10 Things on my Preserving Bucket List

I thought it would be fun to daydream and come up with a list of 10 things I want to preserve but haven’t done yet.  I don’t know how many of these things I’ll eventually make but I know I’ll be doing several of them this year.

This isn’t a complete list but it’s the first 10 things that came to mind.  Most of them have percolated for a few years – just not enough time to get to them!

10 Things on my Preserving Bucket List

  1. Fish sauce.  I’ve been ‘threatening’ to make this at home for years.  I don’t cook with fish sauce very often but I’d really like to make it even though I’m a little afraid of the potential fragrance.
  2. Sourdough.  I’ve made plenty of bread but I’ve never made sourdough.  I’m not sure it counts as a preserve although it does involve fermenting so I’ll say it does!
  3. Charcuterie.  I’ve made jerky, bacon, prosciutto and some other cured meats but I’d like to take these skills to the next level.
  4. Tanning hides.  You can’t eat them, but tanning hides (such as deer or moose) is definitely a form of preservation and I’d like to learn how.
  5. Ume Boshi.  I fermented some plums that were inspired by this Japanese ferment but would love to take it further and closer to the actual product.
  6. A giant batch of hot sauce (i.e. 100 gallons).  We make lots of hot sauce and I have no idea what I’d do with this much hot sauce but I’d really love to try to ferment a big batch of hot peppers to make sauce.  I don’t know why the volume is such an appeal but I’d really like to give it a shot!
  7. Cheese.  Making Ricotta was easy but I’d love to learn mooch more about fermenting cheese.
  8. Frozen food.  This one is a bit of a cheat because I already know how to freeze food but I’ve put it hear because we have the tiniest freezer.  I’d like to have the space for a deep freeze one day – we’d freeze a lot more food than we do now.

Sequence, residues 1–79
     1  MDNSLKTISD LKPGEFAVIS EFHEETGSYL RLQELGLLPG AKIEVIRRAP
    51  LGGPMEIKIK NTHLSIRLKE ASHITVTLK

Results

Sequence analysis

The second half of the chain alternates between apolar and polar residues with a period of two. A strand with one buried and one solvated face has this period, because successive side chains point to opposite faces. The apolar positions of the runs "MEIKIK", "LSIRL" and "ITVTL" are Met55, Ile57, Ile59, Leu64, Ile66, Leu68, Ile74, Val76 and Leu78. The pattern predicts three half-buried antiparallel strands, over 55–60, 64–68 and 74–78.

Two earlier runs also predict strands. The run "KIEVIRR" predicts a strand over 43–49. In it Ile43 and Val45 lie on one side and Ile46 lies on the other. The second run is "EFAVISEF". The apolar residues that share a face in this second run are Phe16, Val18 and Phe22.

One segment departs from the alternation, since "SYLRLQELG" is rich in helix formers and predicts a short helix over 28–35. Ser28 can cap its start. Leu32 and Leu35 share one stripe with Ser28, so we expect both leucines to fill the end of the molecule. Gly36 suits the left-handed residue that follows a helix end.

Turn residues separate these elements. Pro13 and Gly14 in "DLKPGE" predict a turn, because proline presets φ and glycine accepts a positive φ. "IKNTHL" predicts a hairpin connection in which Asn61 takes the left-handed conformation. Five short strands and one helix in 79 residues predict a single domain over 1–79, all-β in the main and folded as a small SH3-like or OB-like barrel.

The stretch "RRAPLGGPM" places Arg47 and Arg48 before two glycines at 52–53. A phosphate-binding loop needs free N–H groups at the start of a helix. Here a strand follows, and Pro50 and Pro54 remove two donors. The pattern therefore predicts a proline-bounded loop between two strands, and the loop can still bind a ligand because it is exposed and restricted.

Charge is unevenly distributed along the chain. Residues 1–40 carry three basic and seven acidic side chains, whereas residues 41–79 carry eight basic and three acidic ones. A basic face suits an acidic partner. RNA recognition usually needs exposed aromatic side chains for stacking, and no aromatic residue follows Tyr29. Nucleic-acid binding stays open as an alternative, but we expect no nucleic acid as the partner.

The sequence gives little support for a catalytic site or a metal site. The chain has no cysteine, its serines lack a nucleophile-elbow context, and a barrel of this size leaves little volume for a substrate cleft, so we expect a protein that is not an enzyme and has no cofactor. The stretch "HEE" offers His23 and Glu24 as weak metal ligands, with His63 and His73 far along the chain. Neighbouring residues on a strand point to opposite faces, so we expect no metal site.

9. Canned Fish.  Mrs Wheelbarrow inspired me with this recipe and I will pressure-can tuna or salmon soon!
  10. Fermented ‘something’ in a pumpkin.  Like beer.  I love the idea of using a pumpkin or a large squash as a fermenting vessel.

What would you add to your preserving bucket list?

Comments

  1. Do it!

  2. I’d like to pickle the seed pods from wild garlic, and also some hop shoots (we grow hops in the back garden, which my husband uses in his home brewing).
    I want to make elderflower cordial, a simple thing but have never got around to it.
    I want to make a proper rose petal jam, with petals from roses I grow myself. This may not be practical as you need quite a lot of petals for tiny volume of jam, and I would probably find it hard to strip the flowers just as they were at their most beautiful!
    I’ve cured fish but not had much luck with things like bacon, so would be fun to do that.
    We have on our list to make more cheese, and we have a temperature controlled tiny drinks fridge which we could put to use to age the cheese at constant temperature.
    There are lots of specific jams, pickles, chutneys and ketchups I want to make – including plum sauce from our own plums.

  3. Anything pressure canned. I live in Europe where pressure canning is not common. I’m thinking of buying one in the US. I think it’s going to happen this year. I think I am excited ; )
    Besides that I want to dive into making my own yoghurt. Cheese will probably follow shortly there after.

  4. I am less experienced at preserving, this being my third season, so my list is probably not as exciting! I want to make cheese and smoke meat to preserve. I would also like to can artichokes and enchilada sauce. I would also like to try canning new wild food. Last year I did a mountain of blackberries and crab apples. This year I want to try the seed pods from the Redbud tree. I have been told that they look and taste just like snow peas which makes sense since the tree is in the pea family. I am going to try them pickled I think!

  5. Thriftyredhead says:

    We occasionally crab and fish on the Oregon coast. I have canned salmon and tuna. It is far better tasting than any thing commercially canned. The process is not hard just time consuming. My husband says tuna is the greasiest fish he has ever cleaned and would pay extra from the fisherman for tuna already cleaned.

  6. Cold smoked meats, smoked cheeses and smoked garlic are my projects for this year

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